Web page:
Can you count the number of playable sightlines in a map? What is the limit before the gameplay becomes totally random and 'lucky he didn't look this way?'

    I think it's necessary to look at gameplay and map design based on angles you need to check or cover. Players will naturally move through the areas with the most cover and the least angles to watch, or be exposed to.

    If your map is made up of a playspace that has 100 angles to watch no matter where you stand in a map, it won't be fun to play. You'll get slaughtered, or people will complain about "Where did I get shot from????!" So, what's the limit or guideline for this?

    It seems to me there's two ways to do this. You can look at each area or intersection and evaluate how many maximum angles there are per area (where people can hide or cover from), or you can look at total sightlines per player or team.

    If there are 12 players on your team, and you fan out into the playspace, and there are 2000 unique sightlines in the map, how are the players going to cover that and have a successful round? So, what would happen if there were a maximum of (let's say..) 3 or so sightlines per player for a total of 12x3=36 maximum? What would that do to the gameplay, and how could we design for it?

    Have you noticed that Inner Hospital follows this type of guideline? It has limited and understandable sightlines. Is that one reason it's popular?

    In my opinion, finding this balance is another design issue for good gameplay, and I'm seeing way too many maps designed to look REALLY good but not consider gameplay. My AllTerrain and the official derivative "Rocky Road" is a perfect example of a poor 'infinite sightlines' design.

    What's the best way to deal with this as a map designer?
    ______

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  • Whiplash27Whiplash27 Posts: 1,822Player
    edited October 15
    I'm an old school gamer, who spent many years with the old Half-Life engine. Back then there were certain rules that maps had to follow otherwise they would run like crap (meaning performance was awful). It didn't matter how big or small the map was either. What's funny is if you take Counter-Strike (which started out as a HL mod) many of the most popular maps that still exist today were released during the beta (back in the 1999/2000 time frame).

    I only ever made one map in Source engine, it was for a mod called Firearms: Source (a remake of the Firearms mod for Half-Life) which had a whole assortment of problems and never took off despite being pretty fun in its earlier versions. It was a silly Christmas map that had a bridge in the middle (inspired by AA Bridge), complete with a Grinch's lair, pink houses that were supposed to mimic the houses from the Grinch, the house from A Christmas Story, and a church that played Gregorian Chant, among other things. Fun times. Anyway, it was the first map I had ever made and it's what made me try my hand in AA map making. I did learn a decent amount from that experience with the source engine, plus just generally reading up about what has made certain maps successful.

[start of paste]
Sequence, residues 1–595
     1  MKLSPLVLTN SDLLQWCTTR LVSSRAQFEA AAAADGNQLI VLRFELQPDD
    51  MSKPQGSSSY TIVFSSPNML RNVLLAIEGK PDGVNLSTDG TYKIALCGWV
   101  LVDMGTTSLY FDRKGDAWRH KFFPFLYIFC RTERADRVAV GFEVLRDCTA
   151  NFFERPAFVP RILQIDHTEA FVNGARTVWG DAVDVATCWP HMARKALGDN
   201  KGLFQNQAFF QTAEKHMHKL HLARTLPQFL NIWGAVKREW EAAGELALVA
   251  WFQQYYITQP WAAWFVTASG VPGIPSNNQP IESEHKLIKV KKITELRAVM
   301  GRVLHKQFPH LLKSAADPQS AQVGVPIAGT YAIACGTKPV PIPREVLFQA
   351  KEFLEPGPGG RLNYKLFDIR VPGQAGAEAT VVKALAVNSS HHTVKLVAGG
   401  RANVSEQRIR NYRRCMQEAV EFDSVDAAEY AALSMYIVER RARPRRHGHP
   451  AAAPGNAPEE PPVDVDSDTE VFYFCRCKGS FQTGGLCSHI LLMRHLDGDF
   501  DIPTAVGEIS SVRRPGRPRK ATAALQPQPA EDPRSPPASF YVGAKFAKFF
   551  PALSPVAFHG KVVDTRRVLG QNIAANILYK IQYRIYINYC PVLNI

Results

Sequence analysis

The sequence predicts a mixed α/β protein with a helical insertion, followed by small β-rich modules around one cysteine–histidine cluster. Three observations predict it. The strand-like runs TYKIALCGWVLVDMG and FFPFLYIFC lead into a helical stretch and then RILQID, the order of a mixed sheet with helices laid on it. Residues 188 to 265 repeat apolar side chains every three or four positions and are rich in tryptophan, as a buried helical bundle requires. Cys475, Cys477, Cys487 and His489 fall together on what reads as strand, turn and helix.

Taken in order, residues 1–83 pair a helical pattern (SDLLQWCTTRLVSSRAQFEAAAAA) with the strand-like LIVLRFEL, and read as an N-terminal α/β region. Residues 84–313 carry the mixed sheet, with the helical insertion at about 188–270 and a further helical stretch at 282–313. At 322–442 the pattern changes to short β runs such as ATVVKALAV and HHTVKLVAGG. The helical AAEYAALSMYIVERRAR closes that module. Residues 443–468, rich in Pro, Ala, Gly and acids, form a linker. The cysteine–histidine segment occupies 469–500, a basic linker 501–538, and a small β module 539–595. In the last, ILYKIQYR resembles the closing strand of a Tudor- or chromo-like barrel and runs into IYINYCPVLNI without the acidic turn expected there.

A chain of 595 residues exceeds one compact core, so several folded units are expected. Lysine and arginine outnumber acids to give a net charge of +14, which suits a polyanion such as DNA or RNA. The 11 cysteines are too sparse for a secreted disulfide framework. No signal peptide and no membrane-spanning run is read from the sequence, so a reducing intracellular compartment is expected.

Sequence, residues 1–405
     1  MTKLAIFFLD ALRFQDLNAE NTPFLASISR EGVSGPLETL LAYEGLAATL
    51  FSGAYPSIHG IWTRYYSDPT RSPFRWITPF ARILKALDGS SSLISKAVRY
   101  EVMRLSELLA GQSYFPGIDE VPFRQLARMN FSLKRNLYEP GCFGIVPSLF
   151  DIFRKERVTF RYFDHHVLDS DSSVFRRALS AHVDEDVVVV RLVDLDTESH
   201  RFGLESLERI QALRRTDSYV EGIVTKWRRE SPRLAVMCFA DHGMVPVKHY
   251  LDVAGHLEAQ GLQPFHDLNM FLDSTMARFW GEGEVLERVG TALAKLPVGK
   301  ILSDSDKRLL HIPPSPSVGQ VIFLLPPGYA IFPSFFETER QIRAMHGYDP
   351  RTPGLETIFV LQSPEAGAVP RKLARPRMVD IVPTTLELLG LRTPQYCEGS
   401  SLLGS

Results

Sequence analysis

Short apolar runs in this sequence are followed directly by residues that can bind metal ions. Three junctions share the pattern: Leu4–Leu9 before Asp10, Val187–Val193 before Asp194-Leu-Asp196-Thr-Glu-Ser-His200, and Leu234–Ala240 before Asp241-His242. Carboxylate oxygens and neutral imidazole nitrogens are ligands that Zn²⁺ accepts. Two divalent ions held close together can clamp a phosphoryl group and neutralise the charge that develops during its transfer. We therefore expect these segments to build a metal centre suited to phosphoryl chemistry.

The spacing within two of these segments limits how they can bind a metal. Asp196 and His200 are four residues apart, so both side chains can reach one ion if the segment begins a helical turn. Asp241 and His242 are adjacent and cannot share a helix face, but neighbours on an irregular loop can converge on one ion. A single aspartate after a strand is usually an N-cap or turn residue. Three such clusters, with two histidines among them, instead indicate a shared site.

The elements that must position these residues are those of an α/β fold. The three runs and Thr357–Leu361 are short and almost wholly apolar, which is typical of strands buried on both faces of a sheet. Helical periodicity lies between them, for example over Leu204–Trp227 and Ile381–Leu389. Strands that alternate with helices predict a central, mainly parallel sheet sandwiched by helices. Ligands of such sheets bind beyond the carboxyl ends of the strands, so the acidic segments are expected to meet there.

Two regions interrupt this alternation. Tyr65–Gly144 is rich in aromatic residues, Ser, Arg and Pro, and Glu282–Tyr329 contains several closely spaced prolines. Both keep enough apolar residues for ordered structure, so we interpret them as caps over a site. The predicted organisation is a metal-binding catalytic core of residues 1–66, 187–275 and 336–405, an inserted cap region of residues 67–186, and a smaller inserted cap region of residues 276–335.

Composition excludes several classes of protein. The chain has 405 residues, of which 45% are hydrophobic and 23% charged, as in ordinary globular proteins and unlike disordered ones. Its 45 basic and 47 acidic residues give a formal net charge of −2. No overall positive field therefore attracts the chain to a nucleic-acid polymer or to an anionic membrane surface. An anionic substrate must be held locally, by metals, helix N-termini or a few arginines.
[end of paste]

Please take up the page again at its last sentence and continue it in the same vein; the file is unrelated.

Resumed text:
A few of the rules that I try my best to apply are
    1) Sight lines should not be excessive. You should never be able to see across the map. In general really long ranges should be avoided unless your main intent is to have a long range map.
    2) Maps should have paths that lead to open areas. Doesn't necessarily need to be a small alley, but players should be pushed into smaller areas which then open up to a choke point. When a team wins the choke point it opens up control of the map.
    3) Choke points. Players need to be funneled into these areas where most of the action happens.
    4) Flanking. The ability to flank should be based on the ability to take a path that's undefended or one that tends to have less people take it, the path needs to be won by the player and then the player has the ability to flank.
    6) Objectives. Objectives should be close enough that defenders can make their way from one objective to the other within a reasonable amount of time, especially if they're the last one left. In a C4 map if the bomb is planted and the player has to run across the map to get to the other site and there's only 5 seconds left when he arrives, then you have a poor map design. Similar approaches can be applied to most maps. In maps that are attack vs. attack it's obviously different, but any attack vs. defend maps should follow a similar approach.
    7) Objectives #2. There should usually be three to four ways to get into an objective area. This occurs by taking your paths, through choke points, and into the objective.

    As a note, many people would say that the most successful type of map is a figure 8 style (e.g., Dust II). Of course this isn't the only way to success, but it's interesting either way.
    latest?cb=20150809214636


    I often see maps that don't follow these guidelines and it really hurts map flow. Guys can appear out of nowhere, there's nothing to specifically try to take on your way to the objective as guys move in and out across the map with no real rhyme or reason.
    You joined the world's greatest army to become a graphic artist? Outstanding!